Sympathetic Innervation 123

I-MIBG. Metaiodobenzylguanidine (MIBG) is an analog to norepinephrine and shares similar uptake and storage in sympathetic nerve endings. However, unlike norepinephrine, MIBG undergoes little enzymatic degradation. Due to these characteristics, when coupled with 123I, objective evaluation of cardiac sympathetic function is possible.31 123IMIBG myocardial imaging has been used in Europe and Japan and recently the United States FDA has approved this tracer for the assessment of myocardial sympathetic innervation in patients with New York Heart Association (NYHA) class II or class III heart failure and left ventricular ejection fraction (LVEF) \35%. In 1995, Nakata et al32 reported the first case of a patient with FAP who had absent myocardial uptake of 123I-MIBG in any cardiac region indicating a lack of sympathetic activity due to amyloid deposits. This was later confirmed by others33-35 indicating that patients with FAP have a high incidence of myocardial adrenergic denervation with viable myocardium and can be identified early in cardiac amyloidosis before clinical heart disease and echocardiographic changes.34 Another clinical trial by Delahaye et al involving 17 patients with rectal or nerve biopsy-proven FAP found that cardiac 123IMIBG uptake was significantly decreased in FAP patients with no difference in washout rates despite preserved left ventricle systolic function and cardiac perfusion. Furthermore, the clinical severity of polyneuropathy negatively correlated with MIBG uptake at 4 hours.35 These studies suggest that 123IMIBG imaging may detect early cardiac amyloid specifically in FAP, which is characterized by early autonomic nervous system involvement. Whether MIBG scintigraphy will be as useful in ATTRwt and ATTRm FAC patients who do not have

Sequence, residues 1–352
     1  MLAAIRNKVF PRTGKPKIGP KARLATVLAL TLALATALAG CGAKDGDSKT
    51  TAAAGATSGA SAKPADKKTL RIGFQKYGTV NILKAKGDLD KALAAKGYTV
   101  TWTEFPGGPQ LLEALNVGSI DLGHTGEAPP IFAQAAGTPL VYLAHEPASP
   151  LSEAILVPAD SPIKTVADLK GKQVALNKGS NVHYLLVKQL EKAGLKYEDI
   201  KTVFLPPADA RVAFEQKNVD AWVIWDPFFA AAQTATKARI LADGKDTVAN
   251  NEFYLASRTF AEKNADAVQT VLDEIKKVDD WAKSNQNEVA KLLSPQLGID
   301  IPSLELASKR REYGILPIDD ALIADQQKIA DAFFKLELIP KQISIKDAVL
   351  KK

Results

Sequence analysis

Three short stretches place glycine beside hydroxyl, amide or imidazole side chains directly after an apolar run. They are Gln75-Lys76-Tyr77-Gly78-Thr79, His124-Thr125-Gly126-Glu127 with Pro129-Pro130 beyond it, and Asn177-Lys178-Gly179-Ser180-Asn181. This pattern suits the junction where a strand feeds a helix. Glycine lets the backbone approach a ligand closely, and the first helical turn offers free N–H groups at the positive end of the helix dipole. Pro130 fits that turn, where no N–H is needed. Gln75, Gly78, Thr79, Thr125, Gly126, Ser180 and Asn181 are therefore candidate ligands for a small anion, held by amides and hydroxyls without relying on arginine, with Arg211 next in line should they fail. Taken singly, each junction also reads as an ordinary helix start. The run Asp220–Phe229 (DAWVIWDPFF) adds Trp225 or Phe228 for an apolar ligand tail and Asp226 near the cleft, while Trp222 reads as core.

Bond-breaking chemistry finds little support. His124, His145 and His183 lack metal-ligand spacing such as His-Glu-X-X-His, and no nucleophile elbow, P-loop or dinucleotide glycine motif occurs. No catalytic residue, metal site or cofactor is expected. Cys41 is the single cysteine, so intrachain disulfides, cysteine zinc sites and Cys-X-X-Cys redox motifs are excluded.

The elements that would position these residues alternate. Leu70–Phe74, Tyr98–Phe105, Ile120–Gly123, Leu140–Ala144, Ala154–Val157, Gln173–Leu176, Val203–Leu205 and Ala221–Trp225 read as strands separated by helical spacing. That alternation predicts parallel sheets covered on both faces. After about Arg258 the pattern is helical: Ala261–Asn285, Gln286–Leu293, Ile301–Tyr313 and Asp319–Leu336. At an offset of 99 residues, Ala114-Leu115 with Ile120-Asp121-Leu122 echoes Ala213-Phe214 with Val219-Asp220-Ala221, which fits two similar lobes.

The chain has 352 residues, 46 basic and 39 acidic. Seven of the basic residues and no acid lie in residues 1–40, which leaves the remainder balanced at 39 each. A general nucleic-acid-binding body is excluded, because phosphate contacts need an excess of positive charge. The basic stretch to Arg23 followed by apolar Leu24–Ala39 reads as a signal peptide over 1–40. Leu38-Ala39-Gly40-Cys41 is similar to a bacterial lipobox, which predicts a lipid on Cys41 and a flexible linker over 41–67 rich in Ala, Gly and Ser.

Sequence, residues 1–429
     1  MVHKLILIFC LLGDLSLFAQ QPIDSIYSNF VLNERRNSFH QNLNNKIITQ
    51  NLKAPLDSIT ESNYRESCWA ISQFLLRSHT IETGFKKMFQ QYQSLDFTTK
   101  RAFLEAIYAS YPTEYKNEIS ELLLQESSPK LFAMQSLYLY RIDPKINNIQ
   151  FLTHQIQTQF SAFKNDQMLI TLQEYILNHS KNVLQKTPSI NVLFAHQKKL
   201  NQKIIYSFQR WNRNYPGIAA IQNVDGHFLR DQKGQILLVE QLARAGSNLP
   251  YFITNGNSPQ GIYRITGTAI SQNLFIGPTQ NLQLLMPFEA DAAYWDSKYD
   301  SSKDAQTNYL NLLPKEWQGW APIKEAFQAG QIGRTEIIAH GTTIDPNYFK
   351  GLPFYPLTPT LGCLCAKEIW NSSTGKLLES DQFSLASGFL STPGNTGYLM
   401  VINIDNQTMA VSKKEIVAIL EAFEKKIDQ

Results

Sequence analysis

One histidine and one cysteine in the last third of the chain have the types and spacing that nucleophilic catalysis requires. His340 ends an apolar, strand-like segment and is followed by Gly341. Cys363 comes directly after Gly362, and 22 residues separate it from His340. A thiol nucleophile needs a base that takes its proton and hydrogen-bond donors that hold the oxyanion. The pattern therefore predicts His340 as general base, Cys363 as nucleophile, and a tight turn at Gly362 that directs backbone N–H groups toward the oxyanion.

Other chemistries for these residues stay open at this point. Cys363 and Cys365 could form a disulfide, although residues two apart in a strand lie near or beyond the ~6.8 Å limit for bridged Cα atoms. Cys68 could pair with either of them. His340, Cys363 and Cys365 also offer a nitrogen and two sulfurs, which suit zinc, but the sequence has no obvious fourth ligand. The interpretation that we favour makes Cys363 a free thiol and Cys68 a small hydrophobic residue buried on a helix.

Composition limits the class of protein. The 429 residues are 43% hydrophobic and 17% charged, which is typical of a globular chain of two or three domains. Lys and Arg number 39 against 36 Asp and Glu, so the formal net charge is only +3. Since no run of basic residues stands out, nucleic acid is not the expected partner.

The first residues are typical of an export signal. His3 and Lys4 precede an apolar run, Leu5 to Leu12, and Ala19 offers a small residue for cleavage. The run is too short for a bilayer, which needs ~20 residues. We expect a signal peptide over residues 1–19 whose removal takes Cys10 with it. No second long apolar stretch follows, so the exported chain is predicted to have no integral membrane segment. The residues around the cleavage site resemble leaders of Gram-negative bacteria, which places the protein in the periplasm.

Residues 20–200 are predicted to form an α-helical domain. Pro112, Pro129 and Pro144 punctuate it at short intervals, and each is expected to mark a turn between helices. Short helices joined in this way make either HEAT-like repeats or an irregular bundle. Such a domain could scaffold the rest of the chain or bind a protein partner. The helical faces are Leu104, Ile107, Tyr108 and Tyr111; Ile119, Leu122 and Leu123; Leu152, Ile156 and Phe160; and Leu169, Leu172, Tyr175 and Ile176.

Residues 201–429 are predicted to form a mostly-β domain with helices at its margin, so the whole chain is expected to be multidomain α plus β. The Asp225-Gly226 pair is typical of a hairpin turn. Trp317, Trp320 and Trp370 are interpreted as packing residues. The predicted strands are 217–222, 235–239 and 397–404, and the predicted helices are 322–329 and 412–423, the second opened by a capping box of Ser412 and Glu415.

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Figure 1. (A, B) Semi-quantitative method of calculating the distribution of 99mTc-PYP uptake. Raw images of a representative negative (A) and positive subject (B) are shown 1 hour after radiotracer infusion. ROI circles are depicted in green and the contralateral comparison circle is depicted in blue. ROI, region of interest; C/L, contralateral; Cts, counts; StdDev standard deviation.